Sunday, December 18, 2011

17 Ways To Speed Up Your Network -- For Free

Learn how to speed up throughput without breaking the bank, by optimizing the network and eliminating unnecessary performance hogs.

By Phil Britt

Got a sluggish network, but don't want to break the bank speeding it up? We've got free and relatively inexpensive help for you. While some of the steps we recommend might include minor hardware upgrades, they are far less expensive than large consulting contracts or "forklift-type" IT upgrades.

To get our tips, we've polled three networking specialists for their advice. They've come up with 17 tips -- here's what they have to say.

Tom Leahy, product marketing manager for IP services at Pittsburg, Pa.-based TelCove, an integrated communications provider that offers Internet, voice, and data solutions, recommends these steps to boost network performance:

1. Assess traffic loads on the network, including the destination and source of all traffic. By moving around some network resources, a company many be able to improve network performance. For example, in a campus environment, if a particular server is being used by people in a common location (i.e., a particular building), the obvious thing to do is to make sure that server is actually located in that building. Otherwise that traffic will bog down other communications that must go between buildings.

2. Optimize IP addressing. This helps minimize the load on routers. The shorter the lookup table a router needs to determine where to send packets, the better.

John Heasley, one of the co-founders of Shrubbery Networks, a Portland, Ore.-based computer and network consulting services company, offers these recommendations:

3. Adjust hosts and network devices to use larger maximum segment size (MSS) at the initial connection or even the maximum transmission unit (MTU) of ~1460 for Ethernet. The old default of 576 is antiquated and most links should support this by now. Just make sure they do not set the DF (Don't Fragment) bit on every frame (Microsoft likes to do this).

In fact, you use IP MTU discovery to increase the MSS over time, but it doesn't help short-lived connections (i.e., for the Web).

4. Turn off IPX. Heasley calls IPX "one of the worst protocols ever." IPX is very chatty, Heasley explains, and, therefore, is very susceptible to any kind of latency. This also reduces overall operating expense because network administrators only have to verify a smaller subset of code for network device software upgrades.

Turning off IPX can also improve overall throughput for networks devices that only support process switching for these (or all) protocols, since these protocols tend to be heavier and less efficient (in terms of overall code efficiency). Netbui can safely be turned off as well.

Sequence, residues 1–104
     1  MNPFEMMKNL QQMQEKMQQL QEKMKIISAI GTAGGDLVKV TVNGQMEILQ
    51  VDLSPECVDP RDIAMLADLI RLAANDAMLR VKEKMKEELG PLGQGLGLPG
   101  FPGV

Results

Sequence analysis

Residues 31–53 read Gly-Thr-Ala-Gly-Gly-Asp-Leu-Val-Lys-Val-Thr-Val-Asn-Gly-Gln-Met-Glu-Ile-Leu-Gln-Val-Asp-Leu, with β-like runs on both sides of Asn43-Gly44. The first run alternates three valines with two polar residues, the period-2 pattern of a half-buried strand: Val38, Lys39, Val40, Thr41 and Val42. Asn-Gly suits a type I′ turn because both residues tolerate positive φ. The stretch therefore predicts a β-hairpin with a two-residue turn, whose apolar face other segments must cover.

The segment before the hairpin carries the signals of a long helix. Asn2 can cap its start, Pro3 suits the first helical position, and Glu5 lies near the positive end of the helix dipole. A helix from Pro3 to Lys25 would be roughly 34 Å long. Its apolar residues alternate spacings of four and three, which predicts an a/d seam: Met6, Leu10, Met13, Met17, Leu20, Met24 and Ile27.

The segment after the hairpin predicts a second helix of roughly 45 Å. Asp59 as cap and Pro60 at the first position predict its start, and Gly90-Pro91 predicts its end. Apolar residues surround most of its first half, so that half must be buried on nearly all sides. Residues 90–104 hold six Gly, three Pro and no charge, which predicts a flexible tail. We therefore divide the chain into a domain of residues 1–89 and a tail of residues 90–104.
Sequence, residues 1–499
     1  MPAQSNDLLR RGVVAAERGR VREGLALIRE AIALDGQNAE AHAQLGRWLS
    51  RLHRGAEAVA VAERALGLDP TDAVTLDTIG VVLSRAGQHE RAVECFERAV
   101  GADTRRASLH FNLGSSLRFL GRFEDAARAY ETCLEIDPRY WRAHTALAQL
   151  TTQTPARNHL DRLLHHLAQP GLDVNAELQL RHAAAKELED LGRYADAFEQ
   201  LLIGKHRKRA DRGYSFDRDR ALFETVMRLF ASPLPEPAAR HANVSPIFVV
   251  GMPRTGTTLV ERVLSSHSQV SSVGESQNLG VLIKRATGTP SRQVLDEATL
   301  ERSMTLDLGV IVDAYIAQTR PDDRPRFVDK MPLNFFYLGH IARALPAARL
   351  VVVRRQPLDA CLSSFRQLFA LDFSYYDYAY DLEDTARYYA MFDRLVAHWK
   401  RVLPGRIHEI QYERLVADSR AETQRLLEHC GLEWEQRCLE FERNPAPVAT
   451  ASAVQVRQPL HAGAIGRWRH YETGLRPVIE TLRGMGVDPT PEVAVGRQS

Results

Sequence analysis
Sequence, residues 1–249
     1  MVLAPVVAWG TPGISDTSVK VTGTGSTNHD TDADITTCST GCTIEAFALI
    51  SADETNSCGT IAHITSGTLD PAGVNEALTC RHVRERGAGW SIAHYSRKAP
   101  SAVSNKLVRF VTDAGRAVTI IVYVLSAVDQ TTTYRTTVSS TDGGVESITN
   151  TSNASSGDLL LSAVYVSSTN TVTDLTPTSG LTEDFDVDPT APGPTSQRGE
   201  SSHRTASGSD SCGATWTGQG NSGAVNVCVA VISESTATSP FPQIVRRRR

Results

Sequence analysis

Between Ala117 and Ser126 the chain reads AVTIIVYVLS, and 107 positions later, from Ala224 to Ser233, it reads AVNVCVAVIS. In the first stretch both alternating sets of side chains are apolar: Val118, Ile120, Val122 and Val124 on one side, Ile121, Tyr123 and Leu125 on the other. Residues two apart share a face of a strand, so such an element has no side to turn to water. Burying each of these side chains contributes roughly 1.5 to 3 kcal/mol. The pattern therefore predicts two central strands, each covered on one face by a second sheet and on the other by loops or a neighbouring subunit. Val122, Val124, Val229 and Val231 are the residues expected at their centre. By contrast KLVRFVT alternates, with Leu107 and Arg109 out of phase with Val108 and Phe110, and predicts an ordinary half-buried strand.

5. Increase default socket (or streams) send and receive buffer space to at least 64k on all servers and clients.

6. Optimize the router interface access control lists (ACLs). These often become inefficient over time as people add things to existing ACLs and don't delete them when those things are removed from the network.

7. Check Ethernet links for the greatest possible link speed and duplex (mismatches occur) and errors.

8. Increase the overall bandwidth between devices with link bundling (IEEE standard 802.3ad).

9. Use multicast when you can and when it's warranted.

10. Use web browsers that support pipelining. Firefox supports pipelining, but Heasley says that although Internet Explorer supports pipelining, he is not sure that it supports it properly.

11. Make sure routing is efficient. Use a routing protocol rather than static routes to avoid inefficiencies.

12. Avoid loops in switching topologies. Spanning tree protocol (STP) is not good at choosing the best path.

Tim Hebert, chief operating office of Atrion Networking, Warwick, RI, a systems integrator and network services provider doing Cisco infrastructure since 1987, adds the following advice:

13. Look at multicasting settings, which may not be turned on. Multicasting uses a multicast address to send the same data stream to multiple recipients while using the least bandwidth. Without multicasting, multiple unicast-addressed copies of the data stream would have to be sent to individual recipients. Multicast services can control the distribution of multicasts by determining which switch ports need to participate in multicasts.

14. Consider using a private virtual LAN to give certain applications higher priorities.

Ed Keiper, manager of network services for Lantium, Inc., an Audubon, Pa.-based company that provides network services, consulting, and outsourcing, suggests that network performance may be improved by doing the following:

15. Replace hubs with faster-working switches. The cost of switches has dropped significantly, so the improved performance may be well worth the investment. Lantium estimates that the cost of switches are about a third of the cost of hubs -- an estimated $5.53 per port for switches versus an estimated $15.63 per port for hubs.

16. Ensure that the network's fastest systems run the most demanding applications. Sometimes new, faster PCs are added to the network, but some of the most resource-intensive applications remain on older machines. Total network performance suffers as a result.

17. Make sure that any cable runs are short enough for maximum performance. While a system may theoretically be able to handle a cable run of 300 feet, distances of 100 feet will provide much better performance.

This Article Reprinted Courtesy of

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